Religious Accommodations In The Workplace: Your Obligations And Rights Explained
|Date / Time:
Under Title VII of the Civil Rights Act of 1964 (Title VII) it's unlawful for an employer of 15 or more employees to discriminate against applicants or employees on the basis of the individual's religion.
And recently, religious discrimination claims are on the rise. In 1997, 2.1 percent of the claims filed with the Equal Employment Opportunity Commission were for religious discrimination, and that number jumped to 3.8 percent in 2012. Consider these recent examples:
- In 2013, the EEOC obtained a $25,000 settlement against a Dallas fast food restaurant that fired a teenage worker who showed up to work wearing a black skirt rather than black pants, which the dress code required. The young woman had explained to the hiring manager when interviewing for a cashier's job that she had to wear a skirt due to her Christian faith and the hiring manager didn't have a problem with it. But when she reported for orientation, she learned she couldn't work in a skirt and was turned away for employment
- In another recently settled case, a senior living facility agreed to pay $42,500 for refusing to excuse a Christian employee from working on Sundays
These cases show why it's crucial to be aware of the legal and practical challenges that arise when it comes to religion in the workplace. Participate in this interactive webinar and learn how to avoid discrimination claims and accommodate your employees, all while meeting organizational needs.
You Will Learn:
- What constitutes a "sincerely held religious belief" under Title VII
- What constitutes notice of a sincerely held religious belief - and when it's sufficient to trigger the duty to accommodate
- What your policy about religious accommodations should state
- The analysis to apply when deciding whether the requested accommodation, such as a request for certain days off, will result in an "undue hardship" on your organization
- The difference between speculative reasons for denying a religious accommodation and concrete, legally defensible evidence that will support your position that granting the accommodation would result in an undue hardship
- How to properly deny a request for accommodation - the type of documentation to draft and communicate to the employee requesting the religious accommodation
- How to enforce your dress code and grooming policies without violating Title VII with respect to one's religion, which may require certain dress, facial hair, and more
- Practical pointers on how to make sure supervisors and line managers don't misstep when a request for a religious accommodation has been made
- Key takeaways from recent EEOC enforcement actions, lawsuits, and settlements related to requests for religious accommodation so you don't make the same mistakes those employers made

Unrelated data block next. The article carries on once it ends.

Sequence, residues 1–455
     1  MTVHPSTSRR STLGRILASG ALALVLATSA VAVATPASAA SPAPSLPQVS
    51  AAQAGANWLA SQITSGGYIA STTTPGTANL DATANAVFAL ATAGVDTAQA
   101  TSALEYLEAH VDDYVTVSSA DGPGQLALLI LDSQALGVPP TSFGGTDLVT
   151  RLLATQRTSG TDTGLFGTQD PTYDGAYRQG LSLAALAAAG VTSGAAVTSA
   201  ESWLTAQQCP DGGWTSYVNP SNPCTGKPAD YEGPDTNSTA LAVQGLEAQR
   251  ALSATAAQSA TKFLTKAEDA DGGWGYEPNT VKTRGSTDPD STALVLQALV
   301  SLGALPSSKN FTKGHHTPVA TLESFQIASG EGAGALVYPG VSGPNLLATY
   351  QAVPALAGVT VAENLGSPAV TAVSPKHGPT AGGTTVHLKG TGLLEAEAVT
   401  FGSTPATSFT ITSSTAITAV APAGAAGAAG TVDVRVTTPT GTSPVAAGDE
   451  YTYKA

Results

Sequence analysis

In just 90 minutes, you'll gain a complete understanding of which regulations come into play when you're dealing with religious accommodations in the workplace. Register now for this event!
About Your Presenter:
Attorney Margaret "Meg" Carroll Alli is a shareholder in the Metro Detroit office of Ogletree, Deakins, Nash, Smoak &Stewart, P.C. where she represents and counsels corporate clients, not-for-profit organizations and educational institutions on the umbrella of employment laws and regulations that affect them.
She has defended employers, schools, and colleges in state and federal courts, administrative agencies and arbitration proceedings and has served as select counsel for employment practices liability insurance carriers and represented employers in wage/hour litigation and ìclassî challenges to pay practices and exempt classifications.
Attorney Phillip J. Strach is a shareholder in the Raleigh, North Carolina, office of Ogletree, Deakins, Nash, Smoak &Stewart, P.C. where he regularly represents management in labor/employment law and related matters.
A significant area of Mr. Strachís representation of employers and management includes advising clients on covenants not to compete and litigating claims involving restrictive covenants, trade secrets, and other business-related litigation. He also regularly defends management and employers in employment discrimination cases and counsels management on how to prevent or reduce the risk of these lawsuits.
Cannot Attend The Live Presentation?
This presentation is also available in a recorded format, in CD version, as shown in the pricing options below.
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|Licenses / Designations / Educational Credits:||PHR / SPHR Re-Certification Credits|
All US States: 1.5
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|Keywords For This Course:|
Religious accommodation in the workplace, religious accommodation
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